UPMC’s ARHS acquisition deal far from completed
has shut down several mergers in recent years
By William Kibler
Area residents might assume that the pending UPMC acquisition of Altoona Regional Health System is a done deal.
But the oversight of the state Attorney General’s Office – which evaluates all hospital mergers in Pennsylvania for antitrust problems – has led to the collapse of several merger plans in recent years.
In November, the office, along with the Federal Trade Commission, announced it was planning to sue to block the merger of Reading Health System and Reading Surgical Institute.
The parties subsequently abandoned their plans, said AG office spokesman Dennis Fisher.
The AG-FTC complaint in that case charged that the proposed merger would increase the health system’s already significant negotiating leverage, enabling it to raise reimbursement rates for commercial insurers for services over which the organizations now compete, according to an FTC news release.
That would increase costs for local employers, leading them to cut benefits or charge more for those benefits, in turn causing some employees to forego medical care, according to the complaint, as outlined in the news release.
The deal would have raised market share for the combined organizations to levels ranging from 49 to 71 percent, depending on the service considered, according to the agencies.
The merger might also have eliminated nonprice competition, which could have reduced the incentive to maintain quality, the agencies charged.
Previously, proposed mergers between Hamot Medical Center and St. Vincent Health System in Erie; WellSpan Health and Hanover Hospital in York County; and Community Medical Center and Moses Taylor Hospital in Scranton were abandoned after the AG’s office notified the parties it planned to sue to block the deals, Fisher said.
The office sued prior to the merger between Altoona and Bon Secours hospitals and between Conemaugh Valley Memorial and Lee Regional hospitals in Johnstown, leading to consent orders setting restrictions, he said.
Fisher declined to speculate on the likelihood of regulatory action on the UPMC-Altoona Regional proposal.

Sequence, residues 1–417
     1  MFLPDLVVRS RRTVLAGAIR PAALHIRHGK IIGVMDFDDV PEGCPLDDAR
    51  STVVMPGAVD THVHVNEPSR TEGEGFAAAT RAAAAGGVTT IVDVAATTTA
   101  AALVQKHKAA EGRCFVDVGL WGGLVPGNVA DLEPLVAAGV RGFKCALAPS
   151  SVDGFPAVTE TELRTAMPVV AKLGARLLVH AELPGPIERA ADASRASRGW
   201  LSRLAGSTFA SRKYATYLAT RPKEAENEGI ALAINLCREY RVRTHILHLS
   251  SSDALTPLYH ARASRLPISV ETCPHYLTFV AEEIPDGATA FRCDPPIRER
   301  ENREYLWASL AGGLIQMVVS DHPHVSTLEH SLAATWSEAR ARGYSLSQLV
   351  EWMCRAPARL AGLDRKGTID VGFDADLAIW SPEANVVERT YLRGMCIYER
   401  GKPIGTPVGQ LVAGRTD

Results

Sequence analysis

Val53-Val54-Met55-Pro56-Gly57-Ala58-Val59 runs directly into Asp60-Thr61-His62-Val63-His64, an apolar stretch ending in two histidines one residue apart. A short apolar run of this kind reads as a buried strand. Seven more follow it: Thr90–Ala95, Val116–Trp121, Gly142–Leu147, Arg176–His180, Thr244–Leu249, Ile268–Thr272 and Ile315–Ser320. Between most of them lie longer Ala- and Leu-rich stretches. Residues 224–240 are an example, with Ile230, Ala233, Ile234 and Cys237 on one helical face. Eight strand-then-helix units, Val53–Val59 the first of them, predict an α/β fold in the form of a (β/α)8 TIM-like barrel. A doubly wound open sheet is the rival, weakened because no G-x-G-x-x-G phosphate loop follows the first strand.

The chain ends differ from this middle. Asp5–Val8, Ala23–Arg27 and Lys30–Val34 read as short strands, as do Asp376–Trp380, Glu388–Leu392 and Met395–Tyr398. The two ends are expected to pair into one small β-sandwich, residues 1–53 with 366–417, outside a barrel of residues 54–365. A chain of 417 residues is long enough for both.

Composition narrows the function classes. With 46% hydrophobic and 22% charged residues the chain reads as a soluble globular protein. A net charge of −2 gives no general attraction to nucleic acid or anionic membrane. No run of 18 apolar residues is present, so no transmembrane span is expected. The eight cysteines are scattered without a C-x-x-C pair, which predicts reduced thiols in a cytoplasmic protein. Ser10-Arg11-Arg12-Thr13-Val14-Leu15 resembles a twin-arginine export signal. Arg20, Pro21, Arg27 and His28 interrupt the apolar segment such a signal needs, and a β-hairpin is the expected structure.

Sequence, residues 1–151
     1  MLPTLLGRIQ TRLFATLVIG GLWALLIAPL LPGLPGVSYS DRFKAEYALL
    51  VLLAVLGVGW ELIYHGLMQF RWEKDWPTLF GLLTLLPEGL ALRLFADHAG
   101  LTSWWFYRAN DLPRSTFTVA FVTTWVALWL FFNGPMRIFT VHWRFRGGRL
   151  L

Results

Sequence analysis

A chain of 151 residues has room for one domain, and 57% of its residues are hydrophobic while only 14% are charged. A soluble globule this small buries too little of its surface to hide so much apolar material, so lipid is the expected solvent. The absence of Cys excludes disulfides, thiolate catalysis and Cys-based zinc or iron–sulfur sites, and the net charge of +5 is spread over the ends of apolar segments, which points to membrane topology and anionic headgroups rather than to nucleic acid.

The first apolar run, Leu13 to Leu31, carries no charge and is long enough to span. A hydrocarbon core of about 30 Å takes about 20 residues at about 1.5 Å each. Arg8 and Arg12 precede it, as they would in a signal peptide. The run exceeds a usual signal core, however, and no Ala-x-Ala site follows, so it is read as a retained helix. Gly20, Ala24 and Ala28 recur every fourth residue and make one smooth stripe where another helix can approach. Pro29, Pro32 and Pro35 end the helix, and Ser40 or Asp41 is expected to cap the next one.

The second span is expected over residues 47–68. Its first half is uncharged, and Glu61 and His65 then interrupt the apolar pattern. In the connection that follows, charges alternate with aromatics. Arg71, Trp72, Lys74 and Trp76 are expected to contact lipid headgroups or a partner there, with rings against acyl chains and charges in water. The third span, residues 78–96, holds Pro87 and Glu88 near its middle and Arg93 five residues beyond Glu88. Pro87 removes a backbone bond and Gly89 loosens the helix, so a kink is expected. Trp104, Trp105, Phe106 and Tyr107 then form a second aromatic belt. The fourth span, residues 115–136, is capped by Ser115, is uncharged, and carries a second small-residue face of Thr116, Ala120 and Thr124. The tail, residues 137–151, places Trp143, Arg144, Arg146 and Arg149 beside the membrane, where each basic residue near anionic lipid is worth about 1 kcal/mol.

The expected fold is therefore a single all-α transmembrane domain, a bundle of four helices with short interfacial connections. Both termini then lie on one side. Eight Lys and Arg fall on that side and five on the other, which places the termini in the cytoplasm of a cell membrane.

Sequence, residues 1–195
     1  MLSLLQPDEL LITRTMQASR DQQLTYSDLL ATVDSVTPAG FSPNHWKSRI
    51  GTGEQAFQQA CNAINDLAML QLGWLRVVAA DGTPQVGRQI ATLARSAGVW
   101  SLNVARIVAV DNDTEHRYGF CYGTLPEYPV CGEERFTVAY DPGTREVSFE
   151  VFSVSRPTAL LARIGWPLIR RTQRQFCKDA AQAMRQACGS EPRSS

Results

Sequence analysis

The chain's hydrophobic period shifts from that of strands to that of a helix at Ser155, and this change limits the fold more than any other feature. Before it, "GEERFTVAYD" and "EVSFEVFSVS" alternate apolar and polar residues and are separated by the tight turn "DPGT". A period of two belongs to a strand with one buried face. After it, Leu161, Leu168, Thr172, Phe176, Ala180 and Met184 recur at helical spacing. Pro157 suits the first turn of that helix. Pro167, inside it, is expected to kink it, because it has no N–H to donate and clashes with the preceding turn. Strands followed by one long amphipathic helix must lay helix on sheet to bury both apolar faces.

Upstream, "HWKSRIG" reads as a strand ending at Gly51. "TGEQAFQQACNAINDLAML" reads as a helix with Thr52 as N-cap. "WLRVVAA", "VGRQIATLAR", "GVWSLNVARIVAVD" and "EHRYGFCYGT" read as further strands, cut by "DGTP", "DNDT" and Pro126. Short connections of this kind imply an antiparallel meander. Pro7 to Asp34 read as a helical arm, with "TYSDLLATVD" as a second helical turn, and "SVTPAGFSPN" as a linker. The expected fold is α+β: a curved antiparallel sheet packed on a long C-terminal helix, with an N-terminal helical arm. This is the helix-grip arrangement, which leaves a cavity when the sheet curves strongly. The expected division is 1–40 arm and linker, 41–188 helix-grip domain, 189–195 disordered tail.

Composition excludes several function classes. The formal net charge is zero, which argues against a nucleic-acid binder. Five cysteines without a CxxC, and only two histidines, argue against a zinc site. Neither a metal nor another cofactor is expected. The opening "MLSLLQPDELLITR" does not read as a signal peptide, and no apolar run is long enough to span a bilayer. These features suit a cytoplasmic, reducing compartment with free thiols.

At the federal level, companies generally must apply under the Hart-Scott-Rodino Antitrust Improvements Act for permission to merge when deals exceed $66 million, according to the FTC website.
The FTC and Department of Justice share antitrust jurisdiction, but the FTC almost always handles hospital mergers.
The agency approves most mergers within 30 days, according to the FTC website. If not, the agency may ask for more information.
After receiving that information, the agency has 30 more days to OK the merger, work out a compromise settlement or sue in federal district court or administratively to block the merger, according to the website.
FTC spokesman Peter Kaplan could not comment specifically on the UPMC-Altoona proposal – not even to say whether the FTC is reviewing it.
Generally, the AG’s office and the FTC work together on evaluating mergers. If not they do separate examinations.
Competition is not a panacea, especially in health care, according to an FTC/ DOJ report, “Improving health care: a dose of competition.”
Health care can be a difficult arena for competition, because patients often don’t know much about their illnesses or the services they need and because they’re insulated from the cost of those services through insurance – which is often chosen for them by employers who indirectly guide them in their choice of providers, according to the article.
Still, competition “generally results in lower prices and, thus, broader access” – as well as higher quality and more innovation, the article states.
Mirror Staff Writer William Kibler is at 949-7038.